కాంచనాల జిలుగు పచ్చ
కొండబంతి గోరంత పచ్చ

కాంచనం = Gold
జిలుగు = mesh/cloth

‘A mesh of gold is green (Fact: Copper is responsible for the greenish tint of gold). The filament of a cornflower is full of green. Green! Green! Green!’

మసకే పడితే మరకత వర్ణం
అందం చందం అలిగిన వర్ణం

మసక = dimness
మరకత = emerald
వర్ణం = colour

‘And once night falls, it turns into emerald green…a colour which hides within it beauty’

Also ‘అందం చందం’ is a perfect example of ‘reduplication‘ and so is ‘English – Vinglish‘.

అలలే లేని సాగర వర్ణం
మొయిలే లేని అంబర వర్ణం
మయూర గళమే వర్ణం
గుమ్మాడి పూవు తొలి వర్ణం
ఊదా పూ రెక్కలపై వర్ణం
ఎన్నో చేరెనీ కన్నె గగనం
నన్నే చేరె ఈ కన్నె భువనం

మొయిలు = clouds
మయూరము = peacock
గళము = neck
గుమ్మాడి = pumpkin
ఊదా పూవు = brinjal flower
కన్నె = కన్య (వికృతి)

‘The colour of a sea without waves, the colour of a sky without clouds, the colour of a nascent pumpkin flower, the colours of the petals of a brinjal (eggplant) flower, like a vast sky which reaches out to so many, this maiden reaches out to me’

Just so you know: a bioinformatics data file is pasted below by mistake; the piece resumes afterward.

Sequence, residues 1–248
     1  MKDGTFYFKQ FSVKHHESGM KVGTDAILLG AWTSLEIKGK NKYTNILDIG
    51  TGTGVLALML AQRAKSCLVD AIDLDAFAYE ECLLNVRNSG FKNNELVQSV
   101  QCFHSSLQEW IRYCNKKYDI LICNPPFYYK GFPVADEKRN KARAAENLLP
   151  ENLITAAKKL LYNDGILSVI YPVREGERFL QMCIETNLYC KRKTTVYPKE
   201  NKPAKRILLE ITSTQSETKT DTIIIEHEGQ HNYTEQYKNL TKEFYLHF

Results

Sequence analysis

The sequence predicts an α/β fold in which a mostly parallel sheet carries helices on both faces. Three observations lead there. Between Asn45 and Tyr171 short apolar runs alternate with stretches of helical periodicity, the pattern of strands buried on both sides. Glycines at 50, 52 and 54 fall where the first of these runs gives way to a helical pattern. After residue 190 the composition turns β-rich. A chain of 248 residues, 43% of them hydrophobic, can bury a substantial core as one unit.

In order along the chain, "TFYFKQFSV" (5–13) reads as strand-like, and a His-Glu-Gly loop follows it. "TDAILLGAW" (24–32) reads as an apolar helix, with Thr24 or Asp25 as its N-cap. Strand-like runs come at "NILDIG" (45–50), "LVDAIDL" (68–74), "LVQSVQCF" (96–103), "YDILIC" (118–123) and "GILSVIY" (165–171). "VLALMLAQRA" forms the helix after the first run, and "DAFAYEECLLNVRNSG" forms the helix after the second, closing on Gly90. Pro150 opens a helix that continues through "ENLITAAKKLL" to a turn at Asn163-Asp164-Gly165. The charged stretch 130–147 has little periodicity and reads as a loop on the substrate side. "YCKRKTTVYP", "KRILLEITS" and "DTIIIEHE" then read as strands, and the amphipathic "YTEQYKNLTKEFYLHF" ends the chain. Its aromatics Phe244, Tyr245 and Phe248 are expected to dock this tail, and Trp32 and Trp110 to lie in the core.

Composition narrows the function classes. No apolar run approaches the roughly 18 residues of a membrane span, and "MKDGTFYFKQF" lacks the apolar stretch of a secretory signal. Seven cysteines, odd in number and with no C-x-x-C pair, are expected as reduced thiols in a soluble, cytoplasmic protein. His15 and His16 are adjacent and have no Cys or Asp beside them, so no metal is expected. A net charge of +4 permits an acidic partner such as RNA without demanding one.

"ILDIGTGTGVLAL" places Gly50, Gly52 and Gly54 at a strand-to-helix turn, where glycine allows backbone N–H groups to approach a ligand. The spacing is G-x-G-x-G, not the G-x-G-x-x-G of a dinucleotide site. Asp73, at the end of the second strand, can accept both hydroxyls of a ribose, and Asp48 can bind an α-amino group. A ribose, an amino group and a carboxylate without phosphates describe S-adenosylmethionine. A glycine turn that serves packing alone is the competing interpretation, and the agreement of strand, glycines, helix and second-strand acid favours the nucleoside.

రాత్రి నలుపే రంగు నలుపే
వానాకాలం మొత్తం నలుపే
కాకి రెక్కల్లో కారు నలుపే
కన్నె కాటుక కళ్ళు నలుపే
విసిగి పాడే కోయిల నలుపే
నీలాంబరాల కుంతల నలుపే

Here the word నీలాంబరాల is a filler (and seems to be one of Veturi’s cliches). I couldn’t find something analogous in the Tamil lyrics, but the words seem to be taking up the space very well. Having just one of these is a minute offence compared to modern day lyrical marvels like this.

‘The night is black, its colour black. The wet season is totally black. The wings of a crow are jet-black. The colour of mascara and that of the iris is black. The Koel which sings in perpetuity is black and so are your locks of hair’

తెల్లని తెలుపే ఎద తెలిపే
వానలు కడిగిన తుమి తెలుపే
ఇరుకనుపాపల కథ తెలిపే
ఉడుకు మనసు తెలిపే
ఉరుకు మనసు తెలిపే

తుమి = Leucas aspera

‘What the soul conveys is the purest shade of white. The ‘Thumbai’ flower, washed in rain, is white. The story of your two pupils is told by your bubbly and vigorous mind’